Did cosmic rays break my Linux build?

I think I experienced a random bit flip while updating Linux on one of my machines today. My laptop was humming along happily during compilation until GCC suddenly aborted with an error: invalid preprocessing directive #lefine; did you mean #define?.

Huh, #lefine instead of #define?

Now, GCC is known for its cryptic error messages, but this one left me baffled. Things I tried to figure out what the issue could be:

  • I first grepped the offending file, drivers/gpu/drm/i915/i915_reg.h, for #lefine to see if a typo somehow slipped through the Linux 4.19.1 release, but got 0 matches.
  • When I resumed the build, it completed without errors. The kernel also appeared to run fine upon reboot. I ended up recompiling it entirely multiple times to see if I could reproduce the error, but I couldn’t.
  • I ran a MemTest86 test for 24 hours, but it didn’t find any errors, so the RAM is also unlikely to be the culprit.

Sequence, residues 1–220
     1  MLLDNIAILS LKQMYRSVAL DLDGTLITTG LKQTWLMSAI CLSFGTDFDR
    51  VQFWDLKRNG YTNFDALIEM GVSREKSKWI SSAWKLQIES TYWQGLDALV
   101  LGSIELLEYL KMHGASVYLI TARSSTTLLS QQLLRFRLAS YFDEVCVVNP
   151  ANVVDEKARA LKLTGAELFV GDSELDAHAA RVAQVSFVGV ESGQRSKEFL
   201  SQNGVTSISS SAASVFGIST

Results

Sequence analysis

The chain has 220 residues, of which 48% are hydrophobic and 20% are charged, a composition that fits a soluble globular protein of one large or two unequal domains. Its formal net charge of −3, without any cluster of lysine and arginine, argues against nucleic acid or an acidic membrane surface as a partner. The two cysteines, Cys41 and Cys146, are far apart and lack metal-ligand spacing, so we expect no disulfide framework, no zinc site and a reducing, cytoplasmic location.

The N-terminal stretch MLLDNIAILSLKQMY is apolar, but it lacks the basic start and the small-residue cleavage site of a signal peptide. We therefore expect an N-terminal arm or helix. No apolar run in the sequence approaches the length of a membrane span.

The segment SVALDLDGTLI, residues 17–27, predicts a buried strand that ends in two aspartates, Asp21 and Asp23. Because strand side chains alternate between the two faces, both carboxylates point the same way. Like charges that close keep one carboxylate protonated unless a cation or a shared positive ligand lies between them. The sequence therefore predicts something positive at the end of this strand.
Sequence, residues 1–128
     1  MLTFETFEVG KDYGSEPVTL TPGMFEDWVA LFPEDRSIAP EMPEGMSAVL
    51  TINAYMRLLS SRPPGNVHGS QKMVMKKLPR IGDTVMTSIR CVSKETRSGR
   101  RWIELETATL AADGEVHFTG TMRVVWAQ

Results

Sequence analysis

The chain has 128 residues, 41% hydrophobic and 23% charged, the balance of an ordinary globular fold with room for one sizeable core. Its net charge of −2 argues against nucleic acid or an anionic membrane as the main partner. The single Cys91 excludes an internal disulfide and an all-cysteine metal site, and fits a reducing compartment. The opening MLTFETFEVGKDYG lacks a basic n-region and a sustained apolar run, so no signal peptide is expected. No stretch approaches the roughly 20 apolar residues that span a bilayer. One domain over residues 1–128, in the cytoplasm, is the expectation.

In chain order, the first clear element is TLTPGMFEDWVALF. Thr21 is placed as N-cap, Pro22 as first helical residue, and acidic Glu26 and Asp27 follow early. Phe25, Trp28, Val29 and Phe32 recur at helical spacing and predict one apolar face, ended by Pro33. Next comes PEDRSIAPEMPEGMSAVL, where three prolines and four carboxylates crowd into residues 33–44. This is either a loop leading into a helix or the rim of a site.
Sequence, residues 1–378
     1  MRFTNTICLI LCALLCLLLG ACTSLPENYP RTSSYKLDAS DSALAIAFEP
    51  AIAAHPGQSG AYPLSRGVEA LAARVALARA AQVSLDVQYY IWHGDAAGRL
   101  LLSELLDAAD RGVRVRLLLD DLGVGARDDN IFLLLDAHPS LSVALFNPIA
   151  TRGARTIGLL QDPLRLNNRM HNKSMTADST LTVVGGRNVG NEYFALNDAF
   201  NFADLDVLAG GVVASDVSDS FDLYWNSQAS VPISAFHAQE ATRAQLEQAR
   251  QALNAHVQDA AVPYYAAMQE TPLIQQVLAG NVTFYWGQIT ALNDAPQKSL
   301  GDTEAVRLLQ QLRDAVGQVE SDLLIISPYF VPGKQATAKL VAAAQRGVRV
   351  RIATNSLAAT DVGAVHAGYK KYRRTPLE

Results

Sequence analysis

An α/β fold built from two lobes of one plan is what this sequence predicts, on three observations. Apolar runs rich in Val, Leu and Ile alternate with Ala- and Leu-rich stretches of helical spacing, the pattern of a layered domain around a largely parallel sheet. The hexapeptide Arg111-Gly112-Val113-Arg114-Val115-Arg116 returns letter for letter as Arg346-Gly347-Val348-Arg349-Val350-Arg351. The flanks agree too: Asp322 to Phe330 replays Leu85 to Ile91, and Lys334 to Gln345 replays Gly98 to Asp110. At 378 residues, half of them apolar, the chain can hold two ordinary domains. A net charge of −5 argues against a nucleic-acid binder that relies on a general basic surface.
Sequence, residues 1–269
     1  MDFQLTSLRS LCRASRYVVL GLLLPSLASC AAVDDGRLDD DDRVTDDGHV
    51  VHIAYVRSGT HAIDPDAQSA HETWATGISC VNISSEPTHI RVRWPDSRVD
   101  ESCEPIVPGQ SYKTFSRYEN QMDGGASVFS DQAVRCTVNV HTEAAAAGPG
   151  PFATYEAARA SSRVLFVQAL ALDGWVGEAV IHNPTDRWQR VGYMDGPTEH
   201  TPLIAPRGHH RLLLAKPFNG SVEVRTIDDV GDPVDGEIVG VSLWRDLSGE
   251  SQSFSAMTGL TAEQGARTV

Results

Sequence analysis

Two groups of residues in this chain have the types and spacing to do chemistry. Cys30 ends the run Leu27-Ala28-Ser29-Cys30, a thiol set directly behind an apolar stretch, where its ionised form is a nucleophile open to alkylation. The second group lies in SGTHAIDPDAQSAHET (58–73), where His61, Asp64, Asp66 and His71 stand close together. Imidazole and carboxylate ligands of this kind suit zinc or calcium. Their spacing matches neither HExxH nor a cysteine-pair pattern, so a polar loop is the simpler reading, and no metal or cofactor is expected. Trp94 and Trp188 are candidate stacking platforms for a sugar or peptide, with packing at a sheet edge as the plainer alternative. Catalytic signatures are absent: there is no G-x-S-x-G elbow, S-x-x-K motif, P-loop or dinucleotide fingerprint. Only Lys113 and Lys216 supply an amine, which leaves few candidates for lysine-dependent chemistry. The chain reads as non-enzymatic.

I thought I was losing my mind until it dawned on me that this could have been caused by cosmic rays. Looking at ASCII table, we see that ’d’ and ‘l’ are indeed one bit flip away from each other:

char decimal binary
d 100 1100100
l 108 1101100

Could that be it? Isn’t that incredibly unlikely? There doesn’t appear to be a consensus in existing literature 1 2 3 on how often these errors actually occur, but I did learn that this phenomenon is actually more common than I thought. The chances of flipping a bit that would cause software to break in this fashion, on the other hand, must be incredibly small.

In the end, there’s just no way to prove that this was actually caused by cosmic rays. It could also have been some other extremely rare hardware fluke. Either way, this took me by surprise, to say the least.

Perhaps this is the cosmos’ way of telling me to invest in ECC RAM.